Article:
Women, for you the drive will take you a little further up the coast. You’ll be taking a tour of Marin county. Check out a yoga class in Sepastapol, a dharma talk at the Green Gulch meditation center. Maybe take a long stroll along the beach. As you’re making this tour, take a look around at the local ladies. In their long, flowing layers, with their crystals and, really, maybe even a few bindis here and there, you may feel like you’re drowning in new age clichés, but before you dismiss them en masse, listen to this: Women in Marin County have a longer life expectancy than any other group in the nation.

Of course, women can run up hills and men can meditate. I guess the real point of this that sometimes all the California stereotypes work. Why not check a few out the next time you’re in town?

July 5th, 2013

It’s been hot. Which anyone who’s been hanging around here in the last week does not need to be told. Earlier this week a heat advisory was issued for Northern California. It was the first heat advisory I’d ever heard of, though maybe they happen every year and I miss them. It was a little scary, though. What is the difference between beach weather and a dangerous, scalding inferno, and would we be sharp enough to know the difference?

At least we weren’t in Death Valley or Palm Beach where the temperatures hung out in the 120′s.

The wave has passed now, thankfully. Today is cloudy and cool. But it seems that this summer is going to be warm and if you’re scheduled to come through here when it’s hot again, and the thought of 100+ degree weather is making you a little panicky, then now is the perfect time for me to let you in on San Francisco’s dirty little secret: It’s always cold there. Now, I know that the idea of cold is relative. Some of you live through winters that get to something like 20 below zero and San Francisco will never get below 35, but 35 in the summer is really a bummer. Especially when it’s 85 just outside city limits. Normally this is this horrible thing that people find out only when they arrive for a visit with light suitcases full of shorts and dresses, ready for California summer. Right now, though, it’s not a bad escape from a heat wave. Take a hike in the Presidio, walk the length of Golden Gate Park. You will never, ever get sunstroke, but don’t forget to bring a sweater.

June 27th, 2013

There’s a commercial playing on the radio now involving a guy in a hotel room calling room service and asking them to bring him something from McDonald’s. Have you heard it? Whomever he’s talking to refuses and he protests, saying that they had told him they’d do anything to make him comfortable. With that the employee is defeated and must, presumably, run off to McDonald’s.

The point of this is not to say that we, of course, would have just run straight to McDonald’s for you. I think that that will never, ever happen. There are some limitations. But, short of a McDonald’s run, there’s a lot of service that we’ve got available, and a lot more that we’re capable of improvising.

Here’s a fun example: Without naming any names, a guest arrived, sometime in the last few months, wearing only one shoe. The other he had left somewhere between the airplane he had come from and our front door. And so, as he was checking in, he asked the man behind the front desk if he could help to retrieve the lost shoe. Impossible, right? Well, thanks to a little bit of front desk magic, by the time he turned in for the night, that man once again had a complete pair of shoes.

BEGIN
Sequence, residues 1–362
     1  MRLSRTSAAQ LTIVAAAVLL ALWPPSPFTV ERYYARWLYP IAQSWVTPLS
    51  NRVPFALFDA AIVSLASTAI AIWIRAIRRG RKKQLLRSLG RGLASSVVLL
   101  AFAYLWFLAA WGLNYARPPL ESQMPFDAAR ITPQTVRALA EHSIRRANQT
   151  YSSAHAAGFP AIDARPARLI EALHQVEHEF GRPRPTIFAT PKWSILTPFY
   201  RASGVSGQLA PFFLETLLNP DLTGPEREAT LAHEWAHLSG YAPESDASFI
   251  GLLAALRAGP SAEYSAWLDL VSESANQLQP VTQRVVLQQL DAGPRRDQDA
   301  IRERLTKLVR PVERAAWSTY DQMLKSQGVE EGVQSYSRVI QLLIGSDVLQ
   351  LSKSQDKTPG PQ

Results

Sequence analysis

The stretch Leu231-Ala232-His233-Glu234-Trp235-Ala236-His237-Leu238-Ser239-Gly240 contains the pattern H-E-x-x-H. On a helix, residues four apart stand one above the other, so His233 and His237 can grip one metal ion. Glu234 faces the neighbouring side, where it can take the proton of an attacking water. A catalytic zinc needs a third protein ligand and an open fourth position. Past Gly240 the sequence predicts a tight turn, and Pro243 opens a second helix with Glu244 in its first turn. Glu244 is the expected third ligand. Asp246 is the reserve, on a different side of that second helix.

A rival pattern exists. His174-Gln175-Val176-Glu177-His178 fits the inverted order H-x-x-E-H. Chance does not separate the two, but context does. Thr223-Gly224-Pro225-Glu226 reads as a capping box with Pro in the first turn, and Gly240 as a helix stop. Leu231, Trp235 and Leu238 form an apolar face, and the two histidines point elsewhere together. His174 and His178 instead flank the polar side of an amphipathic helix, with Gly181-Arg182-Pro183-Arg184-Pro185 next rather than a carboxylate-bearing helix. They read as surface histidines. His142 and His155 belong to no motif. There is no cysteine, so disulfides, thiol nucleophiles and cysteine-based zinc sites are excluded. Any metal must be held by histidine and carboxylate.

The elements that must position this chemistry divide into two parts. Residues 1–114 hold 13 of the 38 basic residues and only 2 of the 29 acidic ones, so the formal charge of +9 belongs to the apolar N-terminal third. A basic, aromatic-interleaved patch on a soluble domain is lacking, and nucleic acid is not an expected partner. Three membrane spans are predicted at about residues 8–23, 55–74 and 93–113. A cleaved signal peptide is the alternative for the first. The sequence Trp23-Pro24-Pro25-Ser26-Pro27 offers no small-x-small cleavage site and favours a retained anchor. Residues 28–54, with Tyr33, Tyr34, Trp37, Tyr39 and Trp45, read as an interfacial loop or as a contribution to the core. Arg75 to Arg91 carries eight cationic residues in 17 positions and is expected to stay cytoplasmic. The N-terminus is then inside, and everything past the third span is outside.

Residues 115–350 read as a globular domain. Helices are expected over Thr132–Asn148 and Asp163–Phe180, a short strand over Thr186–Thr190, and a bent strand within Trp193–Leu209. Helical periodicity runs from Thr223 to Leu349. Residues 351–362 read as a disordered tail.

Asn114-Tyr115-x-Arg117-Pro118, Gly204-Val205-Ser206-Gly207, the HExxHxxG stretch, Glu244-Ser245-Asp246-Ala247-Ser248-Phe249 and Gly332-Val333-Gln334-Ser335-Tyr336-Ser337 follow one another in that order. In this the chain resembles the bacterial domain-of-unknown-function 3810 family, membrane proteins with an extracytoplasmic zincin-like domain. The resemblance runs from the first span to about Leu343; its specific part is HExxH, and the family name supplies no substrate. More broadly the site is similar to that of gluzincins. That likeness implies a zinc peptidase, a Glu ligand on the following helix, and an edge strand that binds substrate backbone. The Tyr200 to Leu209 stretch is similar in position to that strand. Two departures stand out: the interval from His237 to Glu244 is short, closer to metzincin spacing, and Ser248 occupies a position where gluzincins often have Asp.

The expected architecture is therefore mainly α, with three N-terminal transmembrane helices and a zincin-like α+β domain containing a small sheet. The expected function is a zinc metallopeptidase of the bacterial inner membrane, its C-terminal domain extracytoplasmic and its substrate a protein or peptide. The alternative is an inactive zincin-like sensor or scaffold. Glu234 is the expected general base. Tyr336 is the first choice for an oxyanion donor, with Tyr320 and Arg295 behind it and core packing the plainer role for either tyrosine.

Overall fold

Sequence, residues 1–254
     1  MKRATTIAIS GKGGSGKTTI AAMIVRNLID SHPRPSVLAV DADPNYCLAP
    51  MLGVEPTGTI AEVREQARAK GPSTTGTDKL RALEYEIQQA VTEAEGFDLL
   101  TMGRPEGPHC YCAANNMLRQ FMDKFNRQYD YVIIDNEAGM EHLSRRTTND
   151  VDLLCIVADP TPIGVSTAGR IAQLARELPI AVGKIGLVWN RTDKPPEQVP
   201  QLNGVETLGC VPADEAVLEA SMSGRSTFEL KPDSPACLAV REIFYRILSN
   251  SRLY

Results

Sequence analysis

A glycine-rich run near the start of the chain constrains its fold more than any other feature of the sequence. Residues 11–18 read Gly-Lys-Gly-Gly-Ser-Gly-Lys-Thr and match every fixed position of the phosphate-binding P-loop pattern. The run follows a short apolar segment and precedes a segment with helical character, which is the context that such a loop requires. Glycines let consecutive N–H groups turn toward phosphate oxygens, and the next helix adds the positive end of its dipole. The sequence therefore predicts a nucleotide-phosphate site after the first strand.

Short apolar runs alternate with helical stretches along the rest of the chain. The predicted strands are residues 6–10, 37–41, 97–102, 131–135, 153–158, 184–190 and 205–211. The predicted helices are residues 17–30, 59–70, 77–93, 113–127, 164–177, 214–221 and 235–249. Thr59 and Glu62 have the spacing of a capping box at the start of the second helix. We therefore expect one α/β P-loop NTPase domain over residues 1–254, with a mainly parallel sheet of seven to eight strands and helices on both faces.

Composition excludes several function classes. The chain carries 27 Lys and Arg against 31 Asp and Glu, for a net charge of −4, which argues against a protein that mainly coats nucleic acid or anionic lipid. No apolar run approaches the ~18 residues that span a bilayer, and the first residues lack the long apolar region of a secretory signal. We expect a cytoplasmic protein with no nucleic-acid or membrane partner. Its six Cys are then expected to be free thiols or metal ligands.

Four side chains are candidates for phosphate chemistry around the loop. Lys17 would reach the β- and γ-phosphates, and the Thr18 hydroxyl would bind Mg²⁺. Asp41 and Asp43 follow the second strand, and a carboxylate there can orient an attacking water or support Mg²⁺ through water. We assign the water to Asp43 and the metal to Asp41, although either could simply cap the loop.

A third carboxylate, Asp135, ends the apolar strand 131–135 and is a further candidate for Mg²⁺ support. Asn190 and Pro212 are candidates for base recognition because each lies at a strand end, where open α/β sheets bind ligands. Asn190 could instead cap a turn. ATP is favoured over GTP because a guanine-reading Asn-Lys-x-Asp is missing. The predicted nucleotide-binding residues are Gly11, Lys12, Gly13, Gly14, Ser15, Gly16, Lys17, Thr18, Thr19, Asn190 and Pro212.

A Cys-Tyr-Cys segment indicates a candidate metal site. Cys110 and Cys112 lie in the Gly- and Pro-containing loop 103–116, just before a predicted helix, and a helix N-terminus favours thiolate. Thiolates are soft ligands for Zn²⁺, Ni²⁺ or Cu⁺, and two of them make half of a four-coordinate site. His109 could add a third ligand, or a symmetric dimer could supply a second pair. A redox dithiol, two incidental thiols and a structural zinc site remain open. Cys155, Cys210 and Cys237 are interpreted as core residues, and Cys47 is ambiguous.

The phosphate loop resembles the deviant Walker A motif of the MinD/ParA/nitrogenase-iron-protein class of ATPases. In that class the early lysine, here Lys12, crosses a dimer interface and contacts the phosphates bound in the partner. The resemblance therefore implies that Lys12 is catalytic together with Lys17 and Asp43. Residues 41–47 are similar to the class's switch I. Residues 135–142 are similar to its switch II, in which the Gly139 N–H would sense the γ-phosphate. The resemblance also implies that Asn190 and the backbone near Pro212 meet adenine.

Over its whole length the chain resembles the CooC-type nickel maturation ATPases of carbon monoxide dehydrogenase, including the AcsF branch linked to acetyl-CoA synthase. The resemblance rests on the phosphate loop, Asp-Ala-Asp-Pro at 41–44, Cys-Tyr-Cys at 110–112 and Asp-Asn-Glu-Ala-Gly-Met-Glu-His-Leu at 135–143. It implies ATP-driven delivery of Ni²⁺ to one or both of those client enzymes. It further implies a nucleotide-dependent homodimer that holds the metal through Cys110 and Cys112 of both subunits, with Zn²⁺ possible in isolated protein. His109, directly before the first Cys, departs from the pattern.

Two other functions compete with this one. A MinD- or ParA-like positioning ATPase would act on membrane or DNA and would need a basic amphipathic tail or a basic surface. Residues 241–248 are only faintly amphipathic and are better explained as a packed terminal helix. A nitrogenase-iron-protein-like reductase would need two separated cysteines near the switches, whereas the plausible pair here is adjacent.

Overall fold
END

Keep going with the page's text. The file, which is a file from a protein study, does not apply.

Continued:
Most of you check in, come down for breakfast in the morning, and check out. Maybe asking for a drink at the bar is all the asking you do while you’re here and otherwise you take care of yourself. That’s fine with us, and we’re happy to be giving you an easy place from which to take care of your own needs. But, just so you know, there’s a lot we can help you with, if only you’d ask.

June 22nd, 2013

It’s the first day of summer! Welcome to the season of pool parties and BBQs and beach days. The season where everyone gets a healthy glow, in spite of the best efforts of the SPF 45 we’re all slathering on these days. This is the time of year when fruity cocktails feel like an acceptable beverage choice, the season when Danielle Steele novels seem like acceptable reading material. Well, almost. But, hey, there’s a new Stephen King novel just out, and, yeah, sitting in the sun with a mai tai and Stephen King is kind of what summer is all about.

I know it sounds like I’m describing some dorky Hollywood cliché, and, well, that’s exactly what I’m doing, but, you know, a cliché gets to be a cliché because it describes something that lots and lots of people over a long period of time have found to be good or real. The deep, simple pleasure of relaxing into a long, hot day is damn near universal truth and we are now entering into the period where it’s possible to do just that, maybe even once a week. I know it’s possible to stay as busy as ever, work through weekends, and just notice that this is the time of year for air conditioning, but, if I may be so bold, don’t do it! Recharge your batteries in this glorious sunlight!

And, I must say, if ever there were a perfect setting for the kind of a day I’m describing, poolside at our little hotel is pretty close. You won’t even have to make your own drinks.

Happy summer everyone!